Featured Research

from universities, journals, and other organizations

Scientists Find Fossil Proof Of Egypt's Ancient Climate

Date:
February 18, 2005
Source:
Washington University In St. Louis
Summary:
Earth and planetary scientists at Washington University in St. Louis are studying snail fossils to understand the climate of northern Africa 130,000 years ago. While that might sound a bit like relying on wooly bear caterpillars to predict the severity of winter, the snails actually reveal clues about the climate and environment of western Egypt, lo those many years ago.

Earth and Planetary Sciences graduate student Johanna Kieniewicz (left) holds 130,000 year-old snail fossils from an Egyptian lake while Jennifer R. Smith, Ph.D., assistant professor of earth and planetary sciences in Arts & Sciences, examines leaf impression in tufa, a spring carbonate rock found at the same site. The researchers are trying to infer the Egyptian climate from the fossil evidence.
Credit: Photo David Kilper / WUSTL Photo

Feb. 2, 2005 — Earth and planetary scientists at Washington University in St. Louis are studying snail fossils to understand the climate of northern Africa 130,000 years ago.

Related Articles


While that might sound a bit like relying on wooly bear caterpillars to predict the severity of winter, the snails actually reveal clues about the climate and environment of western Egypt, lo those many years ago. They also could shed light on the possible role weather and climate played in the dispersal of humans "out of Africa" and into Europe and Asia. Periods of substantially increased rainfall compared to the present are known to have occurred in the Sahara throughout the last million years, but their duration, intensity, and frequency remain somewhat unconstrained.

Jennifer R. Smith, Ph.D., Washington University assistant professor of earth and planetary sciences in Arts & Sciences, and her doctoral student Johanna M. Kieniewicz, are using stable isotope and minor element analyses of the freshwater gastropod Melanoides tuberculata and carbonate silts from a small lake (now dry) in the Kharga Oasis of western Egypt to reconstruct climatic conditions during the lifetime of the lake. Their analyses support a surprising picture of arid Egypt: 130,000 years ago, what everyone considers an eternal desert was actually a thriving savannah, complete with humans, rhinos, giraffes and other wild life.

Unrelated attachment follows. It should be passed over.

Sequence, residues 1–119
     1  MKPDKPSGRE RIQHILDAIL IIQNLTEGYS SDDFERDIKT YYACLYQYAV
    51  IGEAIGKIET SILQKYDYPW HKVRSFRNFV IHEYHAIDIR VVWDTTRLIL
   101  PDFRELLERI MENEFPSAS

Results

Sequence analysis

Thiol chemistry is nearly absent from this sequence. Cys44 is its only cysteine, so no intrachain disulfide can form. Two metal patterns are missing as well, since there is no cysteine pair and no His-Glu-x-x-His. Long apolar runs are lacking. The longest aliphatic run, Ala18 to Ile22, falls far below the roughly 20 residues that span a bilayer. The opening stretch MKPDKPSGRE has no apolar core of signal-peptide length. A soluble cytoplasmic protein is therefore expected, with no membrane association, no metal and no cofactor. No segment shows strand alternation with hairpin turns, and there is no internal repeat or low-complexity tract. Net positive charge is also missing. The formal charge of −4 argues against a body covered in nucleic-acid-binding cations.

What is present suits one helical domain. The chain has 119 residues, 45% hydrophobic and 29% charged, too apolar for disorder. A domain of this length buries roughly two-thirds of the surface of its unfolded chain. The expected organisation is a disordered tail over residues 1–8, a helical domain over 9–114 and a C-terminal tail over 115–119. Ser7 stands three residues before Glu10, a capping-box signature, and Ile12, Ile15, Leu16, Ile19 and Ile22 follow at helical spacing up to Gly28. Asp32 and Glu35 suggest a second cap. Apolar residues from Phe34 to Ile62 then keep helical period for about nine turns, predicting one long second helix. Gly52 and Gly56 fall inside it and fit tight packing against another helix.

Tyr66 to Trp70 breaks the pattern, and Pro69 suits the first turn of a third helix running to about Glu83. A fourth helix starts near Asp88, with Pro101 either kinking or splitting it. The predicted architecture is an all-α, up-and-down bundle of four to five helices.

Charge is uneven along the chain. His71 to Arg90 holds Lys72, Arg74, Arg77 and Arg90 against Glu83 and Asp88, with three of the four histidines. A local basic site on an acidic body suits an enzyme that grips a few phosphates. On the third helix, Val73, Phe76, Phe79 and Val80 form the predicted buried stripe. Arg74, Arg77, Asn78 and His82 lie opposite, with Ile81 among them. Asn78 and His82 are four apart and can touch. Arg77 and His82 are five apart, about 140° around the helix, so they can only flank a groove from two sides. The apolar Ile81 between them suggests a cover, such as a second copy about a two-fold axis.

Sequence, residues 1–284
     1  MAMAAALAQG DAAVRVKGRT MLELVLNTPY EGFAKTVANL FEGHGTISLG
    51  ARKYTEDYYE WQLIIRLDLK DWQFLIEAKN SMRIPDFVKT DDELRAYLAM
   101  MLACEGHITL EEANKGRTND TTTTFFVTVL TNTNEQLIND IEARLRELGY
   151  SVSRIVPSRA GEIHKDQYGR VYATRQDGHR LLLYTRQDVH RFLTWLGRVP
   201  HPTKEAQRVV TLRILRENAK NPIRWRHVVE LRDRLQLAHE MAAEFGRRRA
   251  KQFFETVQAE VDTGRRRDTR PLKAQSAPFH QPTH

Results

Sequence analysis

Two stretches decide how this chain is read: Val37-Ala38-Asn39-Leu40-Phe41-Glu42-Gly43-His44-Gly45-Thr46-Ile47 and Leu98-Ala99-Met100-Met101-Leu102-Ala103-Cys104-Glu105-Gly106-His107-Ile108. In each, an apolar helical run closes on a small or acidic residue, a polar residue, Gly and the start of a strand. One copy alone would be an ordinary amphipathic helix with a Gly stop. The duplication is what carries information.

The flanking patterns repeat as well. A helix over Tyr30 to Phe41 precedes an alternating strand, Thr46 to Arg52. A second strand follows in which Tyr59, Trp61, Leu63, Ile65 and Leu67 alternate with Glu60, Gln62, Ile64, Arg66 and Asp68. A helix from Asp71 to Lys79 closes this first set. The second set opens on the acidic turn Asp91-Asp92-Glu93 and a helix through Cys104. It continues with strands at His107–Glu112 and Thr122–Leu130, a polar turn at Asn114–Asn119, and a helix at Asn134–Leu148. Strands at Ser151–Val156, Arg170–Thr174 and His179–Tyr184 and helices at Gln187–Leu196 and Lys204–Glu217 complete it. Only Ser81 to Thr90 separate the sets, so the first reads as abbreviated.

Evidence for the hominin presence abounds near the lake in the form of Middle Stone Age artifacts such as stone scrapers and blades.

"The artifacts provide a record that people were coming to the lake," said Smith. "Genetic evidence suggests that 100,000 to 400,000 years ago was a critical time in the evolution and dispersal of African hominins. Our climate data from this 130,000-year-old humid event suggest that this would have been a particularly good time for a northward migration through Africa following reliable water resources, since it seems to be the strongest humid phase in this region over the past 400,000 years. We're also testing the hypothesis that humid events were more frequent than previously thought, which would have allowed for greater mobility throughout the region."

The researchers noted that the silt thickness at the lake exceeds five yards, an indication that the humid phase lasted at least several thousand years. Normal rainfall in the area they study is a minuscule 0.7 of a millimeter per year, but there is evidence that the rainfall amounts in the region have gotten up to as much as 600 millimeters per year, "not enough to make it a paradise," Smith said, "but enough to turn a barren environment into a classic savannah."

Kieniewicz performed isotopic analyses of about 20 snails, all of them dating to the humid phase, which occurred approximately 130,000 years ago. These particular snails have a life span of between one and two years, and build their shells in a classic spiral with whatever water is available that day. The snails were preserved in calcium carbonate deposits throughout the lake.

"We're using the chemistry of the water over the course of a year or two, as revealed by isotopic analyses and minor element analyses of the snail shells to determine information about the climate then," Kieniewicz said. "The shell is an archive of the snail's life. The analyses give us snapshots of what the conditions were like in that lake basin."